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Fiction Ages 12+
Pages: 48
Publisher: Portage & Main Press
Pub Date: 27/Apr/2021
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In the Road Allowance Era, Echo’s story picks up again when she travels back in time to 1885.

The bison are gone. The Manitoba Act’s promise of land for the Métis has gone unfulfilled, and many Métis flee to the Northwest. As part of the fallout from the Northwest Resistance, their advocate and champion Louis Riel is executed. As new legislation corrodes Métis land rights, and unscrupulous land speculators and swindlers take advantage, many Métis begin to settle on road allowances and railway land, often on the fringes of urban centres.

For Echo, the plight of her family is apparent. Burnt out of their home in Ste. Madeleine when their land is cleared for pasture, they make their way to Rooster Town, squatting on the southwest edges of Winnipeg. In this final instalment of Echo’s story, she is reminded of the strength and resilience of her people, forged through the loss and pain of the past, as she faces a triumphant future.

Brenda Macdougall, University of Ottawa

This fourth volume in the A Girl Called Echo series rounds out the history of Métis dispossession from their land and subsequent social marginalization brilliantly. While dealing with the hard issues of colonialism, Vermette sensitively points to the resilience, determination, and power of Métis people. In Road Allowance Era, the stories of Ste. Madeleine and Rooster Town take their place alongside the more prominent stories of Métis nationalism situating the power of Métis family as the source of their survival.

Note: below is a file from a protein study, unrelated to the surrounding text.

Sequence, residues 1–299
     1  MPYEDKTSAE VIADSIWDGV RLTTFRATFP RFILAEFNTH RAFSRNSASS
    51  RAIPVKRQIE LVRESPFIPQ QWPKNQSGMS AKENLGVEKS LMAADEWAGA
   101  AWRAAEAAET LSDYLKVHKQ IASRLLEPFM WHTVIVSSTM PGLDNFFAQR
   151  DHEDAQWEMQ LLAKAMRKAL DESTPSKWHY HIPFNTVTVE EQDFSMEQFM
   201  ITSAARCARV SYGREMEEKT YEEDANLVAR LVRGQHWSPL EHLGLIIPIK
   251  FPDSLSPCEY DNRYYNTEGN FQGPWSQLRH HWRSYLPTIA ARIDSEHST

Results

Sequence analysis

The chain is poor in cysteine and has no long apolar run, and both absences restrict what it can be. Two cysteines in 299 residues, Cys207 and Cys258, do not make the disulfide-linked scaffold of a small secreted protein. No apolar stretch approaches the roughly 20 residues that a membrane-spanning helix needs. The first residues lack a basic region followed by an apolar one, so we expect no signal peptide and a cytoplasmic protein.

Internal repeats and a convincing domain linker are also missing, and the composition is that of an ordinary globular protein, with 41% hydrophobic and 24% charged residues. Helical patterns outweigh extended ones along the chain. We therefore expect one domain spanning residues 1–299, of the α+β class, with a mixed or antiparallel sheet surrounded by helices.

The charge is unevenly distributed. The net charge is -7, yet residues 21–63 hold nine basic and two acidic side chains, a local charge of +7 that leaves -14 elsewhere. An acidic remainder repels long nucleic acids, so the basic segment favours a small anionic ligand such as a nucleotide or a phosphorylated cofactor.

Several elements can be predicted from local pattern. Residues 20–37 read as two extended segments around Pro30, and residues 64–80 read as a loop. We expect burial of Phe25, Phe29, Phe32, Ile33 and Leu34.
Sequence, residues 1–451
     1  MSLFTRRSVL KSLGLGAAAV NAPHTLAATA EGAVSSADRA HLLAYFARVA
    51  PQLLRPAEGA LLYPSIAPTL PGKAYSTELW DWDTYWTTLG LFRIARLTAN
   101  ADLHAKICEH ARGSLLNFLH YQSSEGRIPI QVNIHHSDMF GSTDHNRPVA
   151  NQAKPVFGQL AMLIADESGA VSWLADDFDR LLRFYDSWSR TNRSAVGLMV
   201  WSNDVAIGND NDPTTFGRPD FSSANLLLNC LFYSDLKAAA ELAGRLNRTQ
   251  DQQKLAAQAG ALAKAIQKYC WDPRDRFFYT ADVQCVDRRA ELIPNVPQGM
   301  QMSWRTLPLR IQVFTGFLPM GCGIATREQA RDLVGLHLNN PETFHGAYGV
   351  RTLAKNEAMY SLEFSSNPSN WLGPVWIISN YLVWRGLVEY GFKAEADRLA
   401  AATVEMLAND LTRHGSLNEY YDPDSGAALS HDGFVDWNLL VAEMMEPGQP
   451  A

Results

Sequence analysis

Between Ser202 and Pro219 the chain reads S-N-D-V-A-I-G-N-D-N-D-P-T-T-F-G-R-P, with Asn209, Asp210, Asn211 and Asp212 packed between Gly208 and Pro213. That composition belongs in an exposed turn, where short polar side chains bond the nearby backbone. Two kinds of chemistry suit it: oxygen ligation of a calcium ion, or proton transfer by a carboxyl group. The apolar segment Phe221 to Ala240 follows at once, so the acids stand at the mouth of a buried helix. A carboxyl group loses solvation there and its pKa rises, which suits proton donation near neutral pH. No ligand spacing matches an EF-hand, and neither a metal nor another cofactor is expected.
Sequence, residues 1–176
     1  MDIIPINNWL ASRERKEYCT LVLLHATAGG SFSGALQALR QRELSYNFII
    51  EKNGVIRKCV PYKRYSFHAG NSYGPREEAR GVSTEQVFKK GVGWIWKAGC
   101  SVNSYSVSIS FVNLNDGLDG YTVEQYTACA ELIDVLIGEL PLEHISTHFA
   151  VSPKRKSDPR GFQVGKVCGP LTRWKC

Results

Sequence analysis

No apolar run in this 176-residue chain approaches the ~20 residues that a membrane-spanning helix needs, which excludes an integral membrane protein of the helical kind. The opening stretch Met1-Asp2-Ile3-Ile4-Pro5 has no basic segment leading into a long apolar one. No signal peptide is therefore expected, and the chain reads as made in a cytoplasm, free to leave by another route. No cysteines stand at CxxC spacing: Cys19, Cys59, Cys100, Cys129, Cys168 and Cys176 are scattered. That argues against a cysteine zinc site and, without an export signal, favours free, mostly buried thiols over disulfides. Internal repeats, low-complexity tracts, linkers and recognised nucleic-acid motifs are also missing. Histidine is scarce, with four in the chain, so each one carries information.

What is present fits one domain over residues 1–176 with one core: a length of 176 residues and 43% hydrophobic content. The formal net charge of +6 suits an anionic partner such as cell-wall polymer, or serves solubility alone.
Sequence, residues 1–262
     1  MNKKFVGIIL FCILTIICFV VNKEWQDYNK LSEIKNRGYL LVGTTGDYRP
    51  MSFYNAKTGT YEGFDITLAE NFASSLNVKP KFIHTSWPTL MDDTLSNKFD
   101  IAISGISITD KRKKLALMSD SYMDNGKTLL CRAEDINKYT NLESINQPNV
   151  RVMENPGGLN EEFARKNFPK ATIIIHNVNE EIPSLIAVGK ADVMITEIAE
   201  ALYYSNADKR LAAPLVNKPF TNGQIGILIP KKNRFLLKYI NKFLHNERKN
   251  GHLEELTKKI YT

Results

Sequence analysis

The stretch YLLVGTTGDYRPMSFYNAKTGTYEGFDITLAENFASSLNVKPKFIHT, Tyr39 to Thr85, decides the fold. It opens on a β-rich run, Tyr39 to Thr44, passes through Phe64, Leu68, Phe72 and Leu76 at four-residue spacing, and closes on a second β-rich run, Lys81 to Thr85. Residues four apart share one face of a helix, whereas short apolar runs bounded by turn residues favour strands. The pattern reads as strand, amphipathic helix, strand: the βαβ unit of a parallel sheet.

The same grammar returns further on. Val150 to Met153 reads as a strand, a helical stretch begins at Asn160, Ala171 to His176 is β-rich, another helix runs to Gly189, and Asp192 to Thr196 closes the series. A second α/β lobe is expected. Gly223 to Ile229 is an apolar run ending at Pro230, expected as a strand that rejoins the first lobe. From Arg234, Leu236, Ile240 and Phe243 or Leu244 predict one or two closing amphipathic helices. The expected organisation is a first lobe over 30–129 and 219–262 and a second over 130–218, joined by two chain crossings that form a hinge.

Jesse Thistle

Is enthralled the correct word when describing such a dark chapter in Métis dispossession, along the road allowances in the western prairies? Or is enraging more apt? Or maybe brilliant blinding beauty? Because that's what Vermette has achieved here. Even as the graphic novel closed, I was reflecting on this staggering and respectful work. A swell in my chest, a pride in my spirit; you'll feel the strength of our people, the Free People, the Otipemisiwak, against the injustice of Canadian imperialism in the late 19th- and early 20th-centuries.


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